The thing is, with the philosophy of mind, if the mind is an emergent property of the brain, it is ontologically completely different. That is, there are no properties of the mind that have any overlap with the properties of brain. Thought and matter are not similar in any way. Matter has extension in space and mass; thoughts have no extension in space and no mass. Thoughts have emotional states; matter doesn’t have emotional states, just matter. So it’s not clear that you can get an emergent property when there is no connection whatsoever between that property and the thing it supposedly emerges from.

News, “Why the mind cannot just emerge from the brain” at Mind Matters News

For example, suppose a dog produces a puppy who can be shown to be a mathematical genius. Analysis of canine genetics might help us account for any number of unusual puppies—but not that one. In such a case, we could not use emergence as a magic wand. And that is not an impossible scenario; it is precisely what happened with human intelligence.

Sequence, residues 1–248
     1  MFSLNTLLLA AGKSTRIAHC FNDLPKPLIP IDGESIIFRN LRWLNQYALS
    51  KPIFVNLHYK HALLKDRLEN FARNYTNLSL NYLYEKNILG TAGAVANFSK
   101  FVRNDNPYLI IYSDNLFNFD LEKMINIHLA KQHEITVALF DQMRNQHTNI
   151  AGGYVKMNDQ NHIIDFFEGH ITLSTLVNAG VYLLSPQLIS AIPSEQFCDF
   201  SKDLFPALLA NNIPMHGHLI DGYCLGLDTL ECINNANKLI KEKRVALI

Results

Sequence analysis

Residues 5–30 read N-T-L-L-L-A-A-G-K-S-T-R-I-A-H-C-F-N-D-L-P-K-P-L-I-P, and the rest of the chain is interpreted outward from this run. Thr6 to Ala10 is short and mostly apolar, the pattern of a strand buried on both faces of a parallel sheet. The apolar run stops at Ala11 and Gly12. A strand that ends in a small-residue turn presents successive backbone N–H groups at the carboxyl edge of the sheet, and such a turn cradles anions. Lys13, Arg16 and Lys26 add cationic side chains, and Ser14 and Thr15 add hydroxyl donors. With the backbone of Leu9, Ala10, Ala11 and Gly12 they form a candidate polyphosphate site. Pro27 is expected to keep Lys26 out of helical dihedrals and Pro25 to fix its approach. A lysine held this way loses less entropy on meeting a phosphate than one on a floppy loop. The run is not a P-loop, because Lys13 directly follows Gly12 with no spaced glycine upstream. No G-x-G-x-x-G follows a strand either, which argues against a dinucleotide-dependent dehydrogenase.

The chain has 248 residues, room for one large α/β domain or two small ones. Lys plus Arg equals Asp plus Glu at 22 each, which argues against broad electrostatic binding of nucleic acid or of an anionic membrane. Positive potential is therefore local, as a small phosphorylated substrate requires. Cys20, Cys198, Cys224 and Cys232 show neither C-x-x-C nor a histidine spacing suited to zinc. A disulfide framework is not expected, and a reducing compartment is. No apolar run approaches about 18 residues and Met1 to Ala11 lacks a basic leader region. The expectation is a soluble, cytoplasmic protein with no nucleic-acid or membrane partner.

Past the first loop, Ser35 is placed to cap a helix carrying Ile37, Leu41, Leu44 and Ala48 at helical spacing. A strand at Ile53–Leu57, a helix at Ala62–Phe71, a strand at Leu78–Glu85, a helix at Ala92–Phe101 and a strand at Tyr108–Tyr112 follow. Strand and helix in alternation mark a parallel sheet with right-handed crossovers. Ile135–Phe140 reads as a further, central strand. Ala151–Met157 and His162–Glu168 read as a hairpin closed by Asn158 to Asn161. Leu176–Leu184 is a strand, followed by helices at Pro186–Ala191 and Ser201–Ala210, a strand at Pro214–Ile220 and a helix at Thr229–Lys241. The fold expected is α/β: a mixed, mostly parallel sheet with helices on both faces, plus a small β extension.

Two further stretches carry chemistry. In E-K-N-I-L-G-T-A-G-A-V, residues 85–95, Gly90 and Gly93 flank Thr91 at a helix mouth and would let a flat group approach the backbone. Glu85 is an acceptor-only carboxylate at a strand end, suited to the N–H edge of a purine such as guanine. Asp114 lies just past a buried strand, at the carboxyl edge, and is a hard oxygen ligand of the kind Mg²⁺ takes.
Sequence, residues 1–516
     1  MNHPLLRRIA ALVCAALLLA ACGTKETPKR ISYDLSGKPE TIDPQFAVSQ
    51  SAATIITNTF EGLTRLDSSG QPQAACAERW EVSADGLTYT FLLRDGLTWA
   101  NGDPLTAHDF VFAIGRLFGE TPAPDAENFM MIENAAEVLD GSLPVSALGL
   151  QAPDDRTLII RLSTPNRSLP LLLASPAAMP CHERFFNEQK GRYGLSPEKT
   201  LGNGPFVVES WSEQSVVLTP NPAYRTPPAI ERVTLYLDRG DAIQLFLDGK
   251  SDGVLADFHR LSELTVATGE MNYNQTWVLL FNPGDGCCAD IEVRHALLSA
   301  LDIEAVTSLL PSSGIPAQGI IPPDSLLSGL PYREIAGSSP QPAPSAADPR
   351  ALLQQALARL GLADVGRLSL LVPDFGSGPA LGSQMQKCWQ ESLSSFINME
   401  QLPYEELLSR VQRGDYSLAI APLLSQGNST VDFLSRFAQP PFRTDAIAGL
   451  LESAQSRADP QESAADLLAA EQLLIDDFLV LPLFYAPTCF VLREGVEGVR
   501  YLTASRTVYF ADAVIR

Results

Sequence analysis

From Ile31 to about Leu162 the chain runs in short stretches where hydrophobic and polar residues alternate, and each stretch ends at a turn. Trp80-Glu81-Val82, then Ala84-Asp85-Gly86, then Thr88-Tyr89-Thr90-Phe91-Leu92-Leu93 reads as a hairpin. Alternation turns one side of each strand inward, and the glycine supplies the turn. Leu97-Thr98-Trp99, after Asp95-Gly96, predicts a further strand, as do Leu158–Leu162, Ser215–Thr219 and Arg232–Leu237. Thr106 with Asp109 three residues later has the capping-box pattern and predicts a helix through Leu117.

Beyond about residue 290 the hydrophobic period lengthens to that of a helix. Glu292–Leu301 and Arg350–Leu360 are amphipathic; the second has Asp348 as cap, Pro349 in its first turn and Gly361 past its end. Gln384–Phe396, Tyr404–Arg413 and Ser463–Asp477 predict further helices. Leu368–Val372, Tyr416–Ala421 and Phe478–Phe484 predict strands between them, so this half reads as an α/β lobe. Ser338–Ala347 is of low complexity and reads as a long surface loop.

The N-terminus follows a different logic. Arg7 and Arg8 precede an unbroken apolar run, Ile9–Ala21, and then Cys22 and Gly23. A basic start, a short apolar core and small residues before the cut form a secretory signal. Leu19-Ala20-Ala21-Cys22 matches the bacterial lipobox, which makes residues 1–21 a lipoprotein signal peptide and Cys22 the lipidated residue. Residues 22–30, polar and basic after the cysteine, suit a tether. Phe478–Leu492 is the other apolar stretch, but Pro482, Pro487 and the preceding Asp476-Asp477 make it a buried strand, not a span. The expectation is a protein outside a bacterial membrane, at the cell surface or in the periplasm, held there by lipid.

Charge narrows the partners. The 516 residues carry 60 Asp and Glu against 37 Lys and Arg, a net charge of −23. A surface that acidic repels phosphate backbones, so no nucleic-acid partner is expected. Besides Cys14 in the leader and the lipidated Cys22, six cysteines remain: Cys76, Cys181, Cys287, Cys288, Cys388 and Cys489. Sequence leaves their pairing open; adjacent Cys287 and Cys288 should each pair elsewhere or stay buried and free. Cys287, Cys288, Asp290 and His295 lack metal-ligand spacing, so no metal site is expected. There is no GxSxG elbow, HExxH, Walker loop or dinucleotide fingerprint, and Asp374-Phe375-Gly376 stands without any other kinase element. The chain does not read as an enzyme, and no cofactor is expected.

Philosopher Bernardo Kastrup, arguing against a simple “emergence” theory, doesn’t see how things like consciousness can be measured the way conventional entities of mass and energy are measured: “There is something it feels like to see the colour red, which is not captured by merely noting the frequency of red light. If we were to tell Helen Keller that red is an oscillation of approximately 4.3*1014 cycles per second, she would still not know what it feels like to see red.”

Agency poses the same sort of problem as Kastrup raises with consciousness: We could, perhaps, measure the intent (agency) of a real estate agent to sell a house and of the prospective buyer to defer the decision but we may find ourselves developing new metrics. And how do we measure the agency of a bench scientist intent on making a new discovery?

We do have some clues, of course. Carlo Rovelli observed in New Scientist that agency is time-oriented. Unlike laws of physics, it affects the future, not the past. And cosmologist Paul Davies points out that living things, unlike non-living things, manipulate information.